La Jolla Country Day

Volt Family Story: LJCD Football

How Volt helped Head Football Coach Tyler Hales develop team culture and increase buy-in.

La Jolla Country Day
CA High School

When Tyler Hales was promoted to Head Football Coach of La Jolla Country Day, an independent high school in San Diego, the team was looking to restore its championship ways. Coach Hales had served as the LJCD Torreys’ Defensive Coordinator for the previous four seasons, and was a natural fit for the promotion to Head Coach—even though the job came with its fair share of pressure. With the team coming off a 5-6 season in which the Torreys were ousted in the first round of the Division IV playoffs, Hales knew he had his work cut out for him. But the Torreys’ Athletic Director was confident in his decision to hire Hales. “[Coach Hales] played his football at Colby College, the kind of school many of our kids [go on to] attend,” says LJCD Athletic Director Jeff Hutzler. “He knows firsthand the rigorous academics and athletics our students must balance, and he is perfect for this job.”

Bringing his background in college football to the helm, Coach Hales knew the foundation for his team’s success would be built in the weight room during the off-season. If his athletes developed strength, size, and power in the off-season, they would transition better to the physical demands of the pre-season, and enter the in-season more prepared. To do this, the Torrey football team would need a sport-specific strength and conditioning program, individualized to every athlete in each position. Even with La Jolla Country Day’s veteran strength coach on campus, this was a tall order—creating personalized workouts weekly was extremely time consuming, and labor intensive.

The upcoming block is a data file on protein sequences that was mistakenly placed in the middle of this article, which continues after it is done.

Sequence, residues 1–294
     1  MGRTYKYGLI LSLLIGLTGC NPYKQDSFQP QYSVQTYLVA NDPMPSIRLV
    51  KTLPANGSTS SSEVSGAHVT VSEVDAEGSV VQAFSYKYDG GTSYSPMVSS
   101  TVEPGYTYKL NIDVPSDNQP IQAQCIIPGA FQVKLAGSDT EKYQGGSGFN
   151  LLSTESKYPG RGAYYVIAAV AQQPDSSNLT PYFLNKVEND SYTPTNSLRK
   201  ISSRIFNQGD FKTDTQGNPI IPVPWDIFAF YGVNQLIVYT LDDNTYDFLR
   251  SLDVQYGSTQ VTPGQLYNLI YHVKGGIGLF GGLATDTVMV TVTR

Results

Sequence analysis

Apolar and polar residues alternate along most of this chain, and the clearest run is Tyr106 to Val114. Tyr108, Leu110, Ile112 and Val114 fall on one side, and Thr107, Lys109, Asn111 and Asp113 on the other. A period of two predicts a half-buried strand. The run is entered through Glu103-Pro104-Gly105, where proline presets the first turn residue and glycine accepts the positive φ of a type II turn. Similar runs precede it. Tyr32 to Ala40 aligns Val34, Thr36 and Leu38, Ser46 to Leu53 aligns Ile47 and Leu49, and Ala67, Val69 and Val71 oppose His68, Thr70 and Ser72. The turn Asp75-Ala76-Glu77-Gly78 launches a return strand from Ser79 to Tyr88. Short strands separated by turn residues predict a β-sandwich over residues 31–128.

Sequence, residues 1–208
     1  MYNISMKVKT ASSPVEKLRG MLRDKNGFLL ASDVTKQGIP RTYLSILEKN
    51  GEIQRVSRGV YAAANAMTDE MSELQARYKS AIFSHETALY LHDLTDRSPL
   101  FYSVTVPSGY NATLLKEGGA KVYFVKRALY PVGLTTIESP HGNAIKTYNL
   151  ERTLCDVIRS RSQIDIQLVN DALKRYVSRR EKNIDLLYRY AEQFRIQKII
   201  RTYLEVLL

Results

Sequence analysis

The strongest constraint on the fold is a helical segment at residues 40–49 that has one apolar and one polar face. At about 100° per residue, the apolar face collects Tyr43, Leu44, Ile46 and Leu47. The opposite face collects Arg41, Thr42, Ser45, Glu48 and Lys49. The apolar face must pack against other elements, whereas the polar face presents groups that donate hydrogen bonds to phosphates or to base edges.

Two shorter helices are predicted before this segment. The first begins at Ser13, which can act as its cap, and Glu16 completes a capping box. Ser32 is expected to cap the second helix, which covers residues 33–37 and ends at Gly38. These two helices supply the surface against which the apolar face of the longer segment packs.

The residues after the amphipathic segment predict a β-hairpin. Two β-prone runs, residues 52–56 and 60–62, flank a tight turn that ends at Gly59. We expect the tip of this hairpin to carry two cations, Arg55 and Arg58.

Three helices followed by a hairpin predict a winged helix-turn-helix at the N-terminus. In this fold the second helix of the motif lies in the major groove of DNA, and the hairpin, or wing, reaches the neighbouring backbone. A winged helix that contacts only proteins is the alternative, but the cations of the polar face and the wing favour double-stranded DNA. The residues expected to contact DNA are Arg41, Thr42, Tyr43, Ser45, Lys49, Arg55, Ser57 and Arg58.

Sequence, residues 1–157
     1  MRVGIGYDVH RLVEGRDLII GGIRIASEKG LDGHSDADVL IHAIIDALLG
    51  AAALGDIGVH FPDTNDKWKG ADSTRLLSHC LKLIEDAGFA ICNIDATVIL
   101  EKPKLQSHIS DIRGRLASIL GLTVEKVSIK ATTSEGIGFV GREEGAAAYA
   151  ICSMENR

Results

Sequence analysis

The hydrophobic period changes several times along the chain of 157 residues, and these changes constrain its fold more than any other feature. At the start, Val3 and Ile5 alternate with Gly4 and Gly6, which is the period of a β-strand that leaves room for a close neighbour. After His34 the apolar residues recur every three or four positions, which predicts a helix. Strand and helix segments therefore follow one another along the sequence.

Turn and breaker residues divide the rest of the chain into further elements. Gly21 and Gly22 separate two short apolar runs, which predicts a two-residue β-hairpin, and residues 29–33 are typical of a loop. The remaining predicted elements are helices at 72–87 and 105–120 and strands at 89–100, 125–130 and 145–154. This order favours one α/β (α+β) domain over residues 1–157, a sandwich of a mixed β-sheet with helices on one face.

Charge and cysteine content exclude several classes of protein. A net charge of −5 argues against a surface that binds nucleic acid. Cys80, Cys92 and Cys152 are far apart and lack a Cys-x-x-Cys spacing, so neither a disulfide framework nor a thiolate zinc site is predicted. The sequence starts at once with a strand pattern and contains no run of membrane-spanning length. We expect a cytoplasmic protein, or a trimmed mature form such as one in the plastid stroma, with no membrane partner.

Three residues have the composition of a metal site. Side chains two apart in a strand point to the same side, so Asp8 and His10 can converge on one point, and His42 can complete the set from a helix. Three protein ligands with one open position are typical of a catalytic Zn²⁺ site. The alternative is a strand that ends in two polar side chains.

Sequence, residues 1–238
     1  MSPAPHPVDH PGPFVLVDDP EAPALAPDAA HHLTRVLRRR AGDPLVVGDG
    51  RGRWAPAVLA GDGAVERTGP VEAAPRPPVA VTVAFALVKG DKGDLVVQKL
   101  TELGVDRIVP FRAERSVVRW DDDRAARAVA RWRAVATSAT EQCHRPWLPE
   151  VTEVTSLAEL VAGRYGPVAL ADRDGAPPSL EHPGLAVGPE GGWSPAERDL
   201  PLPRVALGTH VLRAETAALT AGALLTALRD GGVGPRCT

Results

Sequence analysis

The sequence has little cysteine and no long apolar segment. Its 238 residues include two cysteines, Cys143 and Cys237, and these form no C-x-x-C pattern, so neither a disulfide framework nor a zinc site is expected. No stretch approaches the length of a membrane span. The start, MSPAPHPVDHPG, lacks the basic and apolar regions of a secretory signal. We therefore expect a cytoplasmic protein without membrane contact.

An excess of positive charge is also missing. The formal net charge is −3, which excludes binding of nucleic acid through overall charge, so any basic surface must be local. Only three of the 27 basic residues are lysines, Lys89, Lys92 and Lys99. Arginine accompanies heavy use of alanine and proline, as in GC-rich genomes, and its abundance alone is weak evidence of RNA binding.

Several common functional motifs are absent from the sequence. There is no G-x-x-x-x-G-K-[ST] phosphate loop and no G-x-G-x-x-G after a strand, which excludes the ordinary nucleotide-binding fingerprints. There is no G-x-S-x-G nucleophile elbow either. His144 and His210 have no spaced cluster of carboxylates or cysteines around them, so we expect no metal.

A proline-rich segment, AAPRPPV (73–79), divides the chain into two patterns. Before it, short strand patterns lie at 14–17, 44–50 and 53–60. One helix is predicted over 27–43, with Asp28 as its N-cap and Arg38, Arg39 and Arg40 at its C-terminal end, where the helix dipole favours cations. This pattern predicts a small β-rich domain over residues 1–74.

Hales saw this as an opportunity to bring Volt to his school’s strength coach, Kevin Reaume. “He saw the value of Volt, and knew it could make his job a lot easier when implementing individualized workouts,” says Hales. “Also, our Athletic Director is a former head coach. He actually thanked me for bringing Volt to the school because he saw the value of bringing a more consistent strength program to the whole school.”

Getting that buy-in from the LJCD athletic department helped lay the foundation for the Torreys’ 2014 success. “We changed a few things [in the 2014 off-season],” says Hales. “We started our Monday and Wednesday practices in the weight room—to help hold guys accountable.” Accountability is one of the four “Roots of Torrey Pride.” The program emphasizes perseverance, accountability, integrity, and enthusiasm as players and coaches strive for excellence in meeting the high standards that Torrey Pride demands.

Those roots were solidified in the weight room. Having a consistent, organized strength program for student-athletes to follow helped Hales keep his players focused and enthusiastic during training sessions. “[Volt] allowed for us to up the tempo in the weight room: rotating guys through workouts, keeping them focused, and helping them get after it.” says Hales. “We already had a well-established off-season and in-season strength program. What Volt did was make workouts and results more transparent.” Volt’s metrics tracking features helped Hales and his athletes see that the program was working, and that they were getting stronger. “The [Volt] training has been a huge deal for our team and made our training extremely productive,” he says.